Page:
My Take: I agree with their take. One of the things I’ve de-emphasized with my writers and editors is the ‘score’ in Frase (that’s what we use). It’s more about the topical coverage for each article and bringing something new. Frase is still great to get an overview of what’s being covered in the Top 10-20 results, so we should cover that. But it doesn’t need to be exact matches for words. If Frase gives “SEO content tools,” it’s fine if we just say “content tools.” They can mark it complete by removing the keyword from the list.


  • LowFruits Acquired by AIOSEO: Paul shares an exciting update: LowFruits has joined forces with AIOSEO, one of the leading WordPress SEO plugins. He says to expect new features and top-notch support.


Glenn Gabe dives into the turbulent journey of a site impacted by Google's March 2024 Core Update. This case study sheds light on the site’s dramatic fluctuations through multiple algorithm updates, from the fall of 2023 to the major changes in March 2024. Glenn explains how a mix of well-ranking but unrelated content led to significant drops and reversals, and how decisive action helped the site rebound. Some of the key takeaways:

  • Fringe Content Issues: Tangentially related content can rank well but may not support your core business.

  • Algorithm Volatility: Expect significant fluctuations during major updates.

  • Content Cleanup: Removing irrelevant content can lead to long-term gains despite short-term drops.

  • Counterbalancing Systems: Google's updates may involve multiple systems influencing each other, causing dramatic changes.

Chris Green dives into the intricacies of implementing an effective SEO test and learn model. He outlines a structured approach to validating and scaling, emphasizing the importance of hypothesis testing and forecasting. Chris provides practical tips for creating proof of concepts and pilot tests to ensure SEO efforts are both efficient and effective.

My Take: Especially now with The Leak, you may be trying to test different things. It’s always good to have a way to stay organized. I know I will sometimes forget (or just skip) to stay organized and take notes because I think “oh, I’ll remember everything.” Nope.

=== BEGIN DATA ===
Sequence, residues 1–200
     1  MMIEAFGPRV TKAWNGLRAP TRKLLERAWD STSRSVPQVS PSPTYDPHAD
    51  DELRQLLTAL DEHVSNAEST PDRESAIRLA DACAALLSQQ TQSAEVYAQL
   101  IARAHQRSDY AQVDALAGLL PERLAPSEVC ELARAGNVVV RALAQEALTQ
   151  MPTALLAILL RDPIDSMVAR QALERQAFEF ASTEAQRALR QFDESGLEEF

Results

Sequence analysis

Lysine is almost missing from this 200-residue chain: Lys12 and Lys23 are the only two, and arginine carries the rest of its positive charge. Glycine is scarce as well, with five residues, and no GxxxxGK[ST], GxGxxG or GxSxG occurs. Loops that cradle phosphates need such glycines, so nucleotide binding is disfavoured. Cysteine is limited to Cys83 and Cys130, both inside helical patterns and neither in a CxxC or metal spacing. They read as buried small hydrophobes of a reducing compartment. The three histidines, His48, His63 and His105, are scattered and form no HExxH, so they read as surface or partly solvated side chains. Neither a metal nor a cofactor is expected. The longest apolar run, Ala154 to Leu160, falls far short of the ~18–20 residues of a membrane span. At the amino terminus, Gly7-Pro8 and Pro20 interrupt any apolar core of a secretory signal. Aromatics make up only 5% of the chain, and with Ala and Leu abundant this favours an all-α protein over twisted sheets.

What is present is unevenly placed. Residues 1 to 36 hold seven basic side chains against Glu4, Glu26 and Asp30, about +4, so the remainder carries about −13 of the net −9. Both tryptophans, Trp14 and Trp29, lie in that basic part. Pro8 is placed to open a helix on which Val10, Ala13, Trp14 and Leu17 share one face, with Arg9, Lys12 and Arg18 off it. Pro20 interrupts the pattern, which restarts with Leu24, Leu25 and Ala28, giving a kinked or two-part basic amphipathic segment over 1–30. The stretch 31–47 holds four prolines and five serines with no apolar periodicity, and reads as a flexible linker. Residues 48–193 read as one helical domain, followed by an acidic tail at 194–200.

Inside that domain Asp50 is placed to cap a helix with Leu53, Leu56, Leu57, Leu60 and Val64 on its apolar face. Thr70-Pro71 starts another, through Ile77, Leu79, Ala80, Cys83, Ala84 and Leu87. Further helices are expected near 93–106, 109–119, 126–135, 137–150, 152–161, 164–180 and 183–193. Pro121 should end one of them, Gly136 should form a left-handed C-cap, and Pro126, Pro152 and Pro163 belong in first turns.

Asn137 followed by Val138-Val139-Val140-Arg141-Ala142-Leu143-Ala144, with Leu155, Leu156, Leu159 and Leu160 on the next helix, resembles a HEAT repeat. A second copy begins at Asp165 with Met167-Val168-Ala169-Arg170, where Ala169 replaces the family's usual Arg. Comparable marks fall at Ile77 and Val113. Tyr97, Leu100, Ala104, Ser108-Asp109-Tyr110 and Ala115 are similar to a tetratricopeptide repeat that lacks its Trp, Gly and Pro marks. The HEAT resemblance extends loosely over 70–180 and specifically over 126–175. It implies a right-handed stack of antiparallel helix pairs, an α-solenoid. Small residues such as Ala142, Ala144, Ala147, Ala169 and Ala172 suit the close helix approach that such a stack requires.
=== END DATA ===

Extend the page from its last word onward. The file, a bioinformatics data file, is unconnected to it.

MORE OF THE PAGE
The Backlinko Team share the latest local SEO statistics for 2024. From consumer behavior to key ranking factors, this list shows why local SEO is needed for connecting with nearby customers. Some of interesting stats:

  • 4 in 5 consumers conduct searches with local intent. 46% of Google searches have local intent.

  • 76% of "near me" searches result in a visit to a business within a day.

  • The top ranking factors include Google Business Profile categories and proximity.

  • Local searches on smartphones often lead to purchases within a day.

  • Local organic factors with the most impact are dedicated service pages, internal linking, and quality/authority of inbound links.


Shlomo Freund dives into the business model of a 20-year-old dating software provider that caters to SaaS companies and is listed for sale. Exploring its potential for recurring revenue, he discusses the current state of the business, its history, and strategic growth opportunities. Shlomo evaluates the business’s sale details, including its profitability, asking price, and unusual aspects of the listing. He reveals both opportunities and cautions for potential buyers in the niche SaaS market.

My Take: He does these analyses on his YouTube channel regularly of businesses that are for sale or were for sale. Even if you’re not in the market now, these reviews are always good opportunities to learn something new and get ideas to increase revenues in your own online businesses.

Cedric Marceau offers up a whitepaper that serves as a primer on SGE and how Search is changing. If you don’t know much about SGE and how it impacts the search landscape, this whitepaper is a good start.